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Say It Ain’t So: Bernie Sanders Will Happily Poach Hillary Clinton’s Superdelegates

Despite having a clear distaste for the Democratic Party’s use of unelected “Superdelegates” in choosing their presidential nominee, upstart Democratic candidate and Independent Vermont Senator Bernie Sanders has said that he will look to eat into rival Hillary Clinton‘s lead by flipping as many of the Superdelegates as he can. Currently, Clinton’s delegate lead over Sanders is buoyed by a 467-26 lead in committed Superdelegates.

In an interview with CBS News’ Face the Nation this weekend, Sanders told host John Dickerson that his pursuit of Hillary’s Superdelegates will be no-holds-barred, and will include Supers from states that did not vote for Bernie:

DICKERSON: One last tactical question, Senator. There’s been a report that you might go to the convention and if you’re behind in delegates try to flip those superdelegates to win through using the superdelegates. Is that a strategy you are looking at?

SANDERS: The whole concept of superdelegates is problematic. But I would say that, in states where we have won by 20, 25 points, you know what? I think it might be good idea for superdelegates to listen to the people in their home state. I just talked to a person the other day who said, you know what, I am going to listen to my state, and if my state votes for you, Bernie, you’re going to have my vote. I think that — I would hope that a lot of the superdelegates will take that factor into consideration.

DICKERSON: So, yes, that is a strategy you’re pursuing?

SANDERS: Well, to say to a superdelegate, Bernie Sanders won your state by 20 or 30 points, you might want to listen to your state, I think that that is common sense and I think superdelegates should do that.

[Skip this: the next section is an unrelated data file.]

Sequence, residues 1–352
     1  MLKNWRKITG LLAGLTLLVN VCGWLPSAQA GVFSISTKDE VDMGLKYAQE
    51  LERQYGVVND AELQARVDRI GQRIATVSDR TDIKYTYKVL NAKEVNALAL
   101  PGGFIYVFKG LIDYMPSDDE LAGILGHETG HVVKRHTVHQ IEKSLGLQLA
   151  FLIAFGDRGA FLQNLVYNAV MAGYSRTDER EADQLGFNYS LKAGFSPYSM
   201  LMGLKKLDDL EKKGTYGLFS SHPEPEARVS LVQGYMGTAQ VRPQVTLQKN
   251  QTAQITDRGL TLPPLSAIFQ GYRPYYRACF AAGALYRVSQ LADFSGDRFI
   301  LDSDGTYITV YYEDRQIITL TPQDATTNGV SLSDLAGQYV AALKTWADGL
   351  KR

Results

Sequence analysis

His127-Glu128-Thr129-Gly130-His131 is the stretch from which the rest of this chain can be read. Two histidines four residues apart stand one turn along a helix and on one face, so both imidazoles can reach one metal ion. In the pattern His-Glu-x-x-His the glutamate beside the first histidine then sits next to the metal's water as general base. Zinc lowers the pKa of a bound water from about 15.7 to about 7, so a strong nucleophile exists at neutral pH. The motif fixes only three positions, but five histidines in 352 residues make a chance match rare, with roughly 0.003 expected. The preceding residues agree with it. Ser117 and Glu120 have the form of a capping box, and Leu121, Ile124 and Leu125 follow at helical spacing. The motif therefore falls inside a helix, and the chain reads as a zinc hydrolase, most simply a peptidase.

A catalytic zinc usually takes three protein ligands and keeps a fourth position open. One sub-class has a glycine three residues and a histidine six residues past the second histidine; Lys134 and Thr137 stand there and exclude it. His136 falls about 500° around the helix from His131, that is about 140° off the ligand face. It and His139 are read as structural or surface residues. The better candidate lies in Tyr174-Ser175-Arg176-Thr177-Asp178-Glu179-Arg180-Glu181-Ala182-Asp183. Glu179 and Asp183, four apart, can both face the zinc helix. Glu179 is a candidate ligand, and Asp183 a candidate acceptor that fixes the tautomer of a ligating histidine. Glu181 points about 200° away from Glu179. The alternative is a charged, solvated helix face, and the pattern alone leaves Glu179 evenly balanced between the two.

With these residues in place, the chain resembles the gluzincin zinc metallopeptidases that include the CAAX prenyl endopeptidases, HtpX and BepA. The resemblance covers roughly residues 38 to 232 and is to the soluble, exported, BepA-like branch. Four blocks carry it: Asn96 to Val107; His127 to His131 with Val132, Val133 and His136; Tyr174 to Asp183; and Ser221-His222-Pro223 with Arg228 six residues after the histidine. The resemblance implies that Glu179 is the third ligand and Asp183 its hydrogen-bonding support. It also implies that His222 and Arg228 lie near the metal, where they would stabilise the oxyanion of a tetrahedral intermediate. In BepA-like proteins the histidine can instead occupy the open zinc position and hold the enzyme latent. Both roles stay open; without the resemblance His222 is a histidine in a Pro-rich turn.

DICKERSON: But if they didn’t — if they didn’t come from a state that you won, they shouldn’t feel compelled to go for you?

SANDERS: Well, that’s — legally, they have their own decision to be made. They have their own right to make that decision. But I would argue that many of these superdelegates, for them, what is most important, as it is for me and Secretary Clinton, by the way, is making sure that no Republican occupies the White House. And if people conclude by the end of this campaign, if we have the energy — and it’s an if — if we win a number of states — that’s also an if — but if that is the factor, and it appears that I am the stronger candidate against Trump, I think you’re going to see some superdelegates saying, you know what? I like Hillary Clinton, but I want to win this thing. Bernie is our guy.

Sanders’ rationale is an interesting mixture of the common critique against Superdelegates, that they are an undemocratic tool of the establishment that undercuts the will of the voters, and the opposite of that, that if the Supers feel that Sanders has momentum, they can ignore the will of voters in earlier contests in favor of that intuition.

This is an opinion piece. The views expressed in this article are those of just the author.

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